The Second National Tour of Jersey Boys, winner of four Tony Awards, a Grammy, an Olivier and a Helpmann (Australia) is currently running at the Forrest Theatre. This is a triple play musical and it’s easy to see why. The book (dialogue) written by Marshall Brickman (one of my favorite writers of all time) and Rick Elice (no slouch himself) is as tight as a drum. Gritty, funny and human, it tells the story of Frankie Valli & the Four Seasons through the eyes of each of the four members of the band, Tommy DeVito, Bob Guadio, Frankie Valli and Nick Massi. The music by Bob Gaudio with lyrics by Bob Crewe is a litany of hit songs recorded by Frankie Valli & The Four Seasons. And if that’s not enough for you, the third element that knocks it out of the park is the amazing direction by Des McAnuff.
Okay, I lied. There is the fourth element – the terrific assortment of talent up on the stage. Jersey Boys boasts a cast of 16 actors onstage, many of whom play multiple roles, plus a 10 piece orchestra (some members of which also appear onstage). But let’s start with the big four. Brad Weinstock as Frankie Valli has the awesome task of singing and dancing his way through 27 musical numbers while aging 40 years without benefit of make-up. Not only does his voice sound like Valli’s, with the signature high gliding falsetto, but it also soars as a fine instrument in its own right. Brandon Andrus as Nick Massi, the cool detached bass player of the group, has a wonderful ease onstage as an actor and a rich deep voice to go with it. Wide eyed Jason Kappus is endearing as Bob Gaudio, the youngest member of the band, whose original songs skyrocket the group to number one on the Billboard Charts. And Colby Foytik as bandleader and minor thug Tommy DeVito, is a character you love to hate. Also of note is Barry Andersen who’s wonderful as the obviously out producer/lyricist, Bob Crewe who produces the group’s first hit. There are only four women in the cast who get to play all the wives, lovers, hookers, girl group members, etc. as this is decidedly a guy heavy show. It’s very uncharacteristic in musical theatre to see so many guys on stage – so ladies enjoy the view.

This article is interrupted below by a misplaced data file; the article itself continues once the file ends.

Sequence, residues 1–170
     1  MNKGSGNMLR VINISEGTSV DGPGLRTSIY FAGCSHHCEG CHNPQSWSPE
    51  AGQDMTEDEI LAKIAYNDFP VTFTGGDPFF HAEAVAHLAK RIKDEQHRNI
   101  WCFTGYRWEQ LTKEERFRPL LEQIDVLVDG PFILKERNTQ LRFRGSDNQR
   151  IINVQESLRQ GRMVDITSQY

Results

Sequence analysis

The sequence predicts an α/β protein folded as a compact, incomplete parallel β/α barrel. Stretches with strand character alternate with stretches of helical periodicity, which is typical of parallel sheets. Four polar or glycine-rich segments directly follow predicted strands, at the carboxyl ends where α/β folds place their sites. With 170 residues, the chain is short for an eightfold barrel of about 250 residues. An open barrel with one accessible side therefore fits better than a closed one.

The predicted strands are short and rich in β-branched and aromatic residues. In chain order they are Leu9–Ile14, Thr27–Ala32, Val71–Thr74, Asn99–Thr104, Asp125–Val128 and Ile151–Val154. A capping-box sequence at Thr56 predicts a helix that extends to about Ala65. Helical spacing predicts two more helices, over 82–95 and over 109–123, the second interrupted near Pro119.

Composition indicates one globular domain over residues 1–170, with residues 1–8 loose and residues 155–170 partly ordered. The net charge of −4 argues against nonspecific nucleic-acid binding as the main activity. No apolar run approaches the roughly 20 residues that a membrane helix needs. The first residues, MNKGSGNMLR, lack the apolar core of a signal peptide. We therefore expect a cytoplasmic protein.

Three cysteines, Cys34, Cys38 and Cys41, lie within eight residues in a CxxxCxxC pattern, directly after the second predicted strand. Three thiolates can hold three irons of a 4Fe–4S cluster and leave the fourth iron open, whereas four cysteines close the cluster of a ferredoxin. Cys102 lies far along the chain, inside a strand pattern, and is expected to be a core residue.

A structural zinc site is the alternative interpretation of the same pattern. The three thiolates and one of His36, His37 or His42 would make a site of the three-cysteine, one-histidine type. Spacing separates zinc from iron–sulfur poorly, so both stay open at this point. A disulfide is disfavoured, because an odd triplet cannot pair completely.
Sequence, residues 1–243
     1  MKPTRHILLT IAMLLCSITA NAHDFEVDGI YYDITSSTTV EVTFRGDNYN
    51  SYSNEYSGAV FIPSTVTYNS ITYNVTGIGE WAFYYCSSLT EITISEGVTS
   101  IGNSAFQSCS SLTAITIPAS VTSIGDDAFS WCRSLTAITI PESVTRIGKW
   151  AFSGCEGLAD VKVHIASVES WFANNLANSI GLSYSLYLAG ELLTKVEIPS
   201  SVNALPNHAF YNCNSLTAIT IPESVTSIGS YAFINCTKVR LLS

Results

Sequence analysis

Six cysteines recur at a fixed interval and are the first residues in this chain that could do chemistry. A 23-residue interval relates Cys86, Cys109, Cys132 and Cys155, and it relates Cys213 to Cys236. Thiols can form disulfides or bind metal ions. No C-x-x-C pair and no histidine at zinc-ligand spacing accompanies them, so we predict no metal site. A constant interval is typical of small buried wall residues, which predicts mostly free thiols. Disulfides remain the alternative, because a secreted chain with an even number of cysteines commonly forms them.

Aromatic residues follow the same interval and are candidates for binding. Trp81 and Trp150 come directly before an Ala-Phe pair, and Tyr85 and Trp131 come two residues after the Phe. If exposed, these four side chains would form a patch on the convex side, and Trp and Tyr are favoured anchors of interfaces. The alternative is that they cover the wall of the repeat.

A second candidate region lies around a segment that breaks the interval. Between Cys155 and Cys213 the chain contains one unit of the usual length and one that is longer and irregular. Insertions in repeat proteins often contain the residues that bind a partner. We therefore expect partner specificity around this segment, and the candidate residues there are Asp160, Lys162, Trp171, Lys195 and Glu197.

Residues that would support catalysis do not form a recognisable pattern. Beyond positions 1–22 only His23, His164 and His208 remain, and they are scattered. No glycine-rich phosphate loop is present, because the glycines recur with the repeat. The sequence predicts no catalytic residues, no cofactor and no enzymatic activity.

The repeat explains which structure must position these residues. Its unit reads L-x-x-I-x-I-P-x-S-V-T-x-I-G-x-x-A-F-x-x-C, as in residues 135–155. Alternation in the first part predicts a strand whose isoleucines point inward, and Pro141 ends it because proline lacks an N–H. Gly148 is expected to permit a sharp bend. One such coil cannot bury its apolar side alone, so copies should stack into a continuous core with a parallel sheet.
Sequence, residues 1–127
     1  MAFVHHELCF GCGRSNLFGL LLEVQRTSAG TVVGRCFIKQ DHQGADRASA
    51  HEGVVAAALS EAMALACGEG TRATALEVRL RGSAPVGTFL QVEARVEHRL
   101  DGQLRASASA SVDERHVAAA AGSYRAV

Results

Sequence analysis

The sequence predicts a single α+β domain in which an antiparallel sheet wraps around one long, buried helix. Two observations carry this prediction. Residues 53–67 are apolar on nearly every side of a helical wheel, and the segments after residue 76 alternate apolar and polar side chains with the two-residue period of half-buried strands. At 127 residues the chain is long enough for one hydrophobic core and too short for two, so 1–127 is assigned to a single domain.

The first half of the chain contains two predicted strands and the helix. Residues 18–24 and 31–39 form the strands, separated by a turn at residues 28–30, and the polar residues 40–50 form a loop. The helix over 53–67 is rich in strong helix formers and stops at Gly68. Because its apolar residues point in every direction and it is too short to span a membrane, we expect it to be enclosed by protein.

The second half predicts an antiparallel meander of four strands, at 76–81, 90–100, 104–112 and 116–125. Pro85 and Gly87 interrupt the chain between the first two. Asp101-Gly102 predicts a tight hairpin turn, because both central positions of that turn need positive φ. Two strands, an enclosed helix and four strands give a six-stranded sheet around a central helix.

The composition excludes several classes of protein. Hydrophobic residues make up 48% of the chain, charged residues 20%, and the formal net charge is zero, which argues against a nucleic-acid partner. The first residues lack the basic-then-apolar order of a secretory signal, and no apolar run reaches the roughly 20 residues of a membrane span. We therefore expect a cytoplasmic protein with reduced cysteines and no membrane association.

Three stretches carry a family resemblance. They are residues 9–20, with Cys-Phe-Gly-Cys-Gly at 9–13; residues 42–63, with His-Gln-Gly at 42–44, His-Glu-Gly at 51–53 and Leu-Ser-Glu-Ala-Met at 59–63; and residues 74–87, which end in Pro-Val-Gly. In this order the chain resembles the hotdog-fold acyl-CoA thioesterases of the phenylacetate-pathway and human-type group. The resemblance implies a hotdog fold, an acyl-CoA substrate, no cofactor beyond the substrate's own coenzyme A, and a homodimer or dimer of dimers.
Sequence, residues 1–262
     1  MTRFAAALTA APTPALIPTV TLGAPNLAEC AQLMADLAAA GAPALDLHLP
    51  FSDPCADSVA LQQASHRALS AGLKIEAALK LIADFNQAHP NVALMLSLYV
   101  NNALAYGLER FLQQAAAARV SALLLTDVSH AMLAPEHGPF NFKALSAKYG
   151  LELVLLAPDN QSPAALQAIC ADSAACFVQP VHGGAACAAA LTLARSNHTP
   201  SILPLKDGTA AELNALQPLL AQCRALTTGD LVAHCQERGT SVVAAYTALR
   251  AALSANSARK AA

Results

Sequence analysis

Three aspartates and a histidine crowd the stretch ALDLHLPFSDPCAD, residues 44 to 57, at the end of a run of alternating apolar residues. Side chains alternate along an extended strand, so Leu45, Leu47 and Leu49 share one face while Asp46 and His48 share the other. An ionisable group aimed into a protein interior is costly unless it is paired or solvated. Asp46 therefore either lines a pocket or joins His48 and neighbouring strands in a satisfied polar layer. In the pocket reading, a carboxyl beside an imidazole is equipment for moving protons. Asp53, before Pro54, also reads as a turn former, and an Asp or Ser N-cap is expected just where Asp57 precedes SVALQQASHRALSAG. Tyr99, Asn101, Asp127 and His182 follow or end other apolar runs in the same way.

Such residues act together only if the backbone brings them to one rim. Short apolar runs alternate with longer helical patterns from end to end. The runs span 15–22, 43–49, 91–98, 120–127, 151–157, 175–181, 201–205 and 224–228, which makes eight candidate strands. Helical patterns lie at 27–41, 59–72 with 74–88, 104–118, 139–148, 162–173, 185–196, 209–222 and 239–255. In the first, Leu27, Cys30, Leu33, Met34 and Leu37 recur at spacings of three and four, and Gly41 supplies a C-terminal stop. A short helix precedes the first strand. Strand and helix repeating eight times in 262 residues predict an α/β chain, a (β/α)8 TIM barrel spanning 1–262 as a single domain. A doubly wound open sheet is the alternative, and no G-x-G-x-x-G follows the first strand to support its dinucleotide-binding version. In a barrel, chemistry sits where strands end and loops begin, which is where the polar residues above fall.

Choreographer Sergio Trujillo keeps the whole cast jumping at an energetic pace and for the Four Seasons he recreates their classic 60’s moves, which they imitated from the Black groups of the day. The very trendy scenic design by Klara Zieglerova is comprised of levels of iron caging with a winding staircase that works for prisons, recording studios, TV studios, nightclubs and hotels. A huge video screen tops it all where we can ostensibly see in black and white, what the TV cameras are recording when the group appears on various shows (Ed Sullivan, American Bandstand). It’s a very clever device that works well on so many levels as does the lighting design by Howell Binkley. It’s no wonder that Mr. Binkley won the 2006 Tony Award for his work on this show. There are stunning images as the cyclorama goes bright red with a silhouette of telephone poles and a cityscape against it. Sometimes it’s just the silhouette of a drum set. In any case, it’s a visual feast and the orchestrations by Steve Orich are an audial delight.
I don’t say this often, but it’s a show I could see again. So if you haven’t seen it once, give yourself a Christmas present. Tickets are available by calling 800-447-7400 or at the Forrest Theatre Box Office located at 1114 Walnut Street, Philadelphia, PA. Or you can log onto the Telecharge website at www.telecharge.com/jbphilly.
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